setStateInformation retrieves old value if set programmatically

I have a slight issue with getStateInformation / setStateInformation.

If I change a slider attached to a parameter, save the DAW file, and then reload it, my slider has the correct value. Same if I put an envelope / automation on the track, and change the value, save, then reload, and it parameter/slider is set to track envelope.

However if I change same slider by moving it, then use a reset/default function (Need this to quickly set synth modules to default) to programmatically reset parameters, and therefore it’s attached slider’s to default value, even though the slider’s change, and in debug mode I can see the parameter change, after saving and reloading DAW file, the value that is read is the older one, meaning the one that I changed via moving the slider, instead of the programmatically changed value.

Does this ring a bell to to anyone? If not I’ll post some code.

It sounds like you’re doing something on your side of the code to change the parameter, which isn’t being saved by the host. You could try calling yourAudioProcessor.updateHostDisplay() – this notifies the host that something has changed, and that may cause the host to call getStateInformation() again, thus saving the new state correctly.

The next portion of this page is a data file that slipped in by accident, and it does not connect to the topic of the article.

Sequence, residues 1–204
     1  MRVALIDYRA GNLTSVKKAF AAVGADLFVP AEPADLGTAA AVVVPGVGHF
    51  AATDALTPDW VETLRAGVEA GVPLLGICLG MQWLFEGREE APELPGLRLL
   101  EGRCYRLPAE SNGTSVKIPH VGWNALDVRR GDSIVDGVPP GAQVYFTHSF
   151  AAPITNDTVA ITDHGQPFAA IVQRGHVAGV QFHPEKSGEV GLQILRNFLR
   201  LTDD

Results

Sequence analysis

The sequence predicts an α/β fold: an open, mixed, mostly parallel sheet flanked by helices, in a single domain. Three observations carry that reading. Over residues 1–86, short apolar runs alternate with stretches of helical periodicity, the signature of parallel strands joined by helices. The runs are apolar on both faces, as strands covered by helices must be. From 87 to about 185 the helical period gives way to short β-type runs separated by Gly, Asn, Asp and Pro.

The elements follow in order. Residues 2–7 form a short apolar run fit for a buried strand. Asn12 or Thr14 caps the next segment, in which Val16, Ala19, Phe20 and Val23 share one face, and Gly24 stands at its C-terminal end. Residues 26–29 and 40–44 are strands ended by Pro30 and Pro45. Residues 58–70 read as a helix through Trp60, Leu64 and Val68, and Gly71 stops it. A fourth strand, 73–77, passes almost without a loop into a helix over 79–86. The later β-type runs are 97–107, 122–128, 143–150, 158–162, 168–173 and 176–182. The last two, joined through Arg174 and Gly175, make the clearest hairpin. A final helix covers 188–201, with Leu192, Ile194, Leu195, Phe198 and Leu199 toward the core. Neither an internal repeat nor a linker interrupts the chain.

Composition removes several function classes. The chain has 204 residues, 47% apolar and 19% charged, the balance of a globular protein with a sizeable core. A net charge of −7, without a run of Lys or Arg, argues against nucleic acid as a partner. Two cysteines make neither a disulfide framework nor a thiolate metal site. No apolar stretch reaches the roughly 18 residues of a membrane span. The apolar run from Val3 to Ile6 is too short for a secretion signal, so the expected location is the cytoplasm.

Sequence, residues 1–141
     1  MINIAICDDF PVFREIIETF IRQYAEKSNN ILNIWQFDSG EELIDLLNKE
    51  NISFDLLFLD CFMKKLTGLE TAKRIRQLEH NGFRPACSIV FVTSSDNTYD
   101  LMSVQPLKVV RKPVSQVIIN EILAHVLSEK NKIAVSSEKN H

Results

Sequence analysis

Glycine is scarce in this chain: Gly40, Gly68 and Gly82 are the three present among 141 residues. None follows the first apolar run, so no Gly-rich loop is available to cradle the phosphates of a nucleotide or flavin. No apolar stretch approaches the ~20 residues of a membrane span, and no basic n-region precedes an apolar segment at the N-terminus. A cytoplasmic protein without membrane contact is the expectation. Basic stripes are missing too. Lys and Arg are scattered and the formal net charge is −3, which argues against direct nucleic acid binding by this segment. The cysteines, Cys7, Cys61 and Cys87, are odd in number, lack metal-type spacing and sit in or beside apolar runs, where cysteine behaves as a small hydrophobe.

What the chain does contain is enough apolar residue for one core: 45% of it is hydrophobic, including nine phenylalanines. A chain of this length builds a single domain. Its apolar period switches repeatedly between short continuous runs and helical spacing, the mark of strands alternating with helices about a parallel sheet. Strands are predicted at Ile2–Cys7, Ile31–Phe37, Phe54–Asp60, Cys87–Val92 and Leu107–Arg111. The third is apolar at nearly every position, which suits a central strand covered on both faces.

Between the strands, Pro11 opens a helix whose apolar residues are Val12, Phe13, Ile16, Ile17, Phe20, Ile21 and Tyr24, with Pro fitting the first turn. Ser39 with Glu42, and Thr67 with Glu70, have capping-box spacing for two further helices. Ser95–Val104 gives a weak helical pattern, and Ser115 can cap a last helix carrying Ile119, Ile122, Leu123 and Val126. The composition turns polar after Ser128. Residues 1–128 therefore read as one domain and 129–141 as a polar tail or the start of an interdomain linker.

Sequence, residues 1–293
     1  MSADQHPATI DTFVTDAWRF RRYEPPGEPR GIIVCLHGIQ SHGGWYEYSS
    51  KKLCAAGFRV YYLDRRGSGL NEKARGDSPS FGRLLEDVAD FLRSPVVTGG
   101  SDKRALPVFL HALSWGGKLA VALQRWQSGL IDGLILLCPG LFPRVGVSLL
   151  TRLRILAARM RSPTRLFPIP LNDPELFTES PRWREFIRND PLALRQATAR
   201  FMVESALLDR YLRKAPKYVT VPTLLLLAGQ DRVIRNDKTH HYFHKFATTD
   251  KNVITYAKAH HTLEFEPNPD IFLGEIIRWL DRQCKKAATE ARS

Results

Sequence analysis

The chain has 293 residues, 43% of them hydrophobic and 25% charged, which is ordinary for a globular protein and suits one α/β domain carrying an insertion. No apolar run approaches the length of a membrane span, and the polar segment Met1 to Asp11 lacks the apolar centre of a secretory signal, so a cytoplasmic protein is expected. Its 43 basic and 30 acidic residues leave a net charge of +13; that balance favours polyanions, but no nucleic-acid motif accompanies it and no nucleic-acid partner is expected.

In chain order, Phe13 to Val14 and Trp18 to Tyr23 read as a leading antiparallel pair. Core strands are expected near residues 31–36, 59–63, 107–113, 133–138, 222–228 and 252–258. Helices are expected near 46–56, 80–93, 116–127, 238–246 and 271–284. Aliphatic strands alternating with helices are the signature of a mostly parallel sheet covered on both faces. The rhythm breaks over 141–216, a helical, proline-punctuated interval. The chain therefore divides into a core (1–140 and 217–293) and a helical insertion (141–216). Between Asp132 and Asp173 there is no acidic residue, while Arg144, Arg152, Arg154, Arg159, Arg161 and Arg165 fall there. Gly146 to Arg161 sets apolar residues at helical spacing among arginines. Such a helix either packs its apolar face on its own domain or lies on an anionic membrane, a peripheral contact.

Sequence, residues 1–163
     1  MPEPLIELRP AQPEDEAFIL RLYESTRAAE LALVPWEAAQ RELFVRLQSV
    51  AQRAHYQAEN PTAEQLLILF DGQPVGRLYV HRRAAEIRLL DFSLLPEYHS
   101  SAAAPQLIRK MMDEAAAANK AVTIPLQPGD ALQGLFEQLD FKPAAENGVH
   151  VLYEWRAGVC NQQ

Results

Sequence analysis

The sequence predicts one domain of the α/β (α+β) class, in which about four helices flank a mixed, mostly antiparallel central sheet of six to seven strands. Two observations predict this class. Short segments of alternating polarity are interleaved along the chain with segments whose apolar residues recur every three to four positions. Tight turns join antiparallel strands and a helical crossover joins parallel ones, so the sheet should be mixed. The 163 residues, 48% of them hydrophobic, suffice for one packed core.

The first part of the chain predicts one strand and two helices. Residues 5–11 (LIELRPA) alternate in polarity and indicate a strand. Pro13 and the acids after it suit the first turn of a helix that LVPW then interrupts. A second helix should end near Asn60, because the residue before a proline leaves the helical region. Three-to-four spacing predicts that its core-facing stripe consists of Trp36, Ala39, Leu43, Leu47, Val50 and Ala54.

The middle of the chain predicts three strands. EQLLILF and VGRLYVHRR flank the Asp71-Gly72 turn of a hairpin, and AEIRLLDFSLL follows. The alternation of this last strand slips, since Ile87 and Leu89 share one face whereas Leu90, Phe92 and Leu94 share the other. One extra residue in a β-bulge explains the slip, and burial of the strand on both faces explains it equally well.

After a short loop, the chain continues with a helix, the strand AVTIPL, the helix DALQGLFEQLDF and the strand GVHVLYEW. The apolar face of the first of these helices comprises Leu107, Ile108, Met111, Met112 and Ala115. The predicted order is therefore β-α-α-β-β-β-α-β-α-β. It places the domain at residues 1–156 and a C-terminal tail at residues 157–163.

How are you setting the parameter programmatically? I have a feeling you need to call setValueNotifyingHost, or wrap the parameter changes with beginChangeGesture/endChangeGesture in order for the host to know about them properly, but have never done this personally so I may be wrong.


Yes thanks and it is exactly what I thought about when trying to sleep last night, that during debugging I noted that getStateInformation was called every time I touched a slider.

Unfortunately using yourAudioProcessor.updateHostDisplay() immediately after updating my parameters manually did not do the trick.

I have tried changing a parameter two ways, in the processor like this;

*mainLevelParameter = 0.5f; // Default value

and in the editor like this;